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|Franklin Parish older worker of year named|
An 83-year-old Winnsboro man was named the Franklin Parish older worker of the year recently and received a plaque.
But it wasn't that simple.
Involved were deception, surprise, a long drive and a gold watch for masonry worker Charlie Murphy.
Even when Buddy Strickland nominated Murphy for the annual award, presented through the Council on Aging, he was tight lipped. He was still tight lipped when he told Charlie that the two of them would take a ride on the day of the award presentation.
That was the deception.
The surprise came in waves once Charlie was in the Council on Aging Center on Adams Street a week ago. First, Charlie learned why his employer had deceived him—so the award would be a surprise. Then, there were two sons, a daughter and four grandchildren who were waltzed in to congratulate an unsuspecting man, honored in part for his strong work ethic.
That was the surprise.
The daughter and her family had the long drive part of the award. They drove from Chicago to see Charile get his honor, the Legacy of Achievement Award. And, they would hop back in the car for the long ride back to Chicago the next day.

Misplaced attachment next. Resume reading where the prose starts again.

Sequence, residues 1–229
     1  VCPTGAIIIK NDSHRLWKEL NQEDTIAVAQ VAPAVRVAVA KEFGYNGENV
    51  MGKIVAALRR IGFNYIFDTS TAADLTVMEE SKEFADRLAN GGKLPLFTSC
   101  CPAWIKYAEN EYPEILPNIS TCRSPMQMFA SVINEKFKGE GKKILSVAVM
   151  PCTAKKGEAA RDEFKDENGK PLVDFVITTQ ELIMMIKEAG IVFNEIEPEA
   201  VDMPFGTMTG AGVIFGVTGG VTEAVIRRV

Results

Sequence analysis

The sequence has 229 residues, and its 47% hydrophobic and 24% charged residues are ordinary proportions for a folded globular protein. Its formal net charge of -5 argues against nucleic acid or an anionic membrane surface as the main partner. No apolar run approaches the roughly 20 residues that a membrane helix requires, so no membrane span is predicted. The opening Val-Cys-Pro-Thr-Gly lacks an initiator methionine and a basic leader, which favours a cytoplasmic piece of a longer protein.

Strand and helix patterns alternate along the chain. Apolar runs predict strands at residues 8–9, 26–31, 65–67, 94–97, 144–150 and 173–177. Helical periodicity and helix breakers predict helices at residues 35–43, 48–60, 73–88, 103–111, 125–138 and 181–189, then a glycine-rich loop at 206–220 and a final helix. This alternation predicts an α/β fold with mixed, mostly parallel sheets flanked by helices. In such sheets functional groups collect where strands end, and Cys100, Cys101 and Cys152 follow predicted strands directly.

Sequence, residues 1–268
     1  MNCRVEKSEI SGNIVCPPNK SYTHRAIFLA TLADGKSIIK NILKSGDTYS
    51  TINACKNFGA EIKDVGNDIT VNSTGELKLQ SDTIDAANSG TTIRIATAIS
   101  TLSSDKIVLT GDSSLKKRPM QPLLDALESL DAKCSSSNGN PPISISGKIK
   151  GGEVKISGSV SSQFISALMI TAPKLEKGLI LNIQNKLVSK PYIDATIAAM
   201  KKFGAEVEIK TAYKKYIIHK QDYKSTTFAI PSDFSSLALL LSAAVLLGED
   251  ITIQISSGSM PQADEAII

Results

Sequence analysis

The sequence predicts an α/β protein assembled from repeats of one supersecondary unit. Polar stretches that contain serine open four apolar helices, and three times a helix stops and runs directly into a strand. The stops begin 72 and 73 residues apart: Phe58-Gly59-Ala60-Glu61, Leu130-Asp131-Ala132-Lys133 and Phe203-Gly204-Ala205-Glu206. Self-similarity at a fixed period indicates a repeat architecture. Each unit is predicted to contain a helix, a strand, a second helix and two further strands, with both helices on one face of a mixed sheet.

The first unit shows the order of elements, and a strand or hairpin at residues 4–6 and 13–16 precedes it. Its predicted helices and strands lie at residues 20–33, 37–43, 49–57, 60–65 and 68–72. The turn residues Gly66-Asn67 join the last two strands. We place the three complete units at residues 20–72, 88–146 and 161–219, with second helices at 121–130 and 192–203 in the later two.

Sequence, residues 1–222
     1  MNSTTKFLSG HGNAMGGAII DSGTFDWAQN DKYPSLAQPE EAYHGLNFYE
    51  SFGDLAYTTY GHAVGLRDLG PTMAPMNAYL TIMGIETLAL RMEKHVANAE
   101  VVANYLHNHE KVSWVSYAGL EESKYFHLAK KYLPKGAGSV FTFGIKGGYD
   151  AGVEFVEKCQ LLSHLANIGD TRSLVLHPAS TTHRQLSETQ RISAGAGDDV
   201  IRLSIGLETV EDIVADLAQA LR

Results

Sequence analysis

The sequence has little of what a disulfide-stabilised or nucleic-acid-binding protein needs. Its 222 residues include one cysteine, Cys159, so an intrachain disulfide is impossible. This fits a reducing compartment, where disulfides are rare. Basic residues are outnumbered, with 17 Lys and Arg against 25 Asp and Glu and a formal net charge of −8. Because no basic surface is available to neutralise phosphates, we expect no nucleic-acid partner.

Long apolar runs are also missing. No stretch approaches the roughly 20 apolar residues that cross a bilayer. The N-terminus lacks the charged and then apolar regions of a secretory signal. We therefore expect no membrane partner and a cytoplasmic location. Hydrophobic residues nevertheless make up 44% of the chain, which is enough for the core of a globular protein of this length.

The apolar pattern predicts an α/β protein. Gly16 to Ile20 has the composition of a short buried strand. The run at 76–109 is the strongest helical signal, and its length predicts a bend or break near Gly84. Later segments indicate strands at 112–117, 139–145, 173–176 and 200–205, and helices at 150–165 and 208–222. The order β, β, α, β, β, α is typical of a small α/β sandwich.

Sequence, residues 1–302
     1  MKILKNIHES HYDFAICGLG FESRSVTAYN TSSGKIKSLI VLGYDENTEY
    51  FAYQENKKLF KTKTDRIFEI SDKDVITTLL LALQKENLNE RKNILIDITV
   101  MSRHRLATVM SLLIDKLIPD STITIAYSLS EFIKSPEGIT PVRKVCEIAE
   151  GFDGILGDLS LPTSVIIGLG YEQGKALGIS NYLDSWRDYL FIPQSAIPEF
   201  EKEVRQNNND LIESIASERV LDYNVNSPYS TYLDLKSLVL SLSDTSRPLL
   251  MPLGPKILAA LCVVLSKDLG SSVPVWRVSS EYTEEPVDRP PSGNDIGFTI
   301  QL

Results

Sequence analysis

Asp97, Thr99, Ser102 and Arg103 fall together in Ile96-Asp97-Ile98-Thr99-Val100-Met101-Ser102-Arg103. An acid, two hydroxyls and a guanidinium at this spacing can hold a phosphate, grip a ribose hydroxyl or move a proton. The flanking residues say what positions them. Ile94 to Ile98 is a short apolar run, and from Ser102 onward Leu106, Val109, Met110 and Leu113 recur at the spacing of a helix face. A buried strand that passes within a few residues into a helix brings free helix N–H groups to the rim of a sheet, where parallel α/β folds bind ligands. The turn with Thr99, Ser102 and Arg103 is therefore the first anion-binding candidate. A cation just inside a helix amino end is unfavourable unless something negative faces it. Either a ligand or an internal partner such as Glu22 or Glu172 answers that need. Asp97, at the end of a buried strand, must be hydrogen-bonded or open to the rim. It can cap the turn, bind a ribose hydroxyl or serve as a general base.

All that really surprised me," said Charlie. "I didn't know what to say or do."
Strickland, who employs six other masonry workers, also struggled for words following the ceremony. "I can't say enough good about this man," he said
Then came the plaque and gold watch, the plaque with blessings from the Governor's office and the watch from Buddy Strickland and his wife Cindy.
Charlie has been with Strickland's company since the day the company started, although the two of them had worked together earlier at another masonry company.
In fact, Charlie has spent most of his working life in the construction field, only the last 20 with Strickland. He worked for a few years at a paper mill in West Monroe, but returned to Franklin Parish and held laborer position with several different local construction companies.
When asked to reflect on a 60-plus year career in construction, jails came to Charile's mind.
"We built eight jails around here," Charlie said, "and I'll tell you one thing. You may walk out the door in those jails but you won't go through the walls. They're built."
This is the 20th year a Legacy of Achievement award has been given through the Governor's Office of Elderly Affairs. The program is designed to honor the most outstanding older worker in each parish.
But, maybe Strickland had the final word when it comes to honoring a life's work: "I just hope, if I get to be his age, I can do what he does."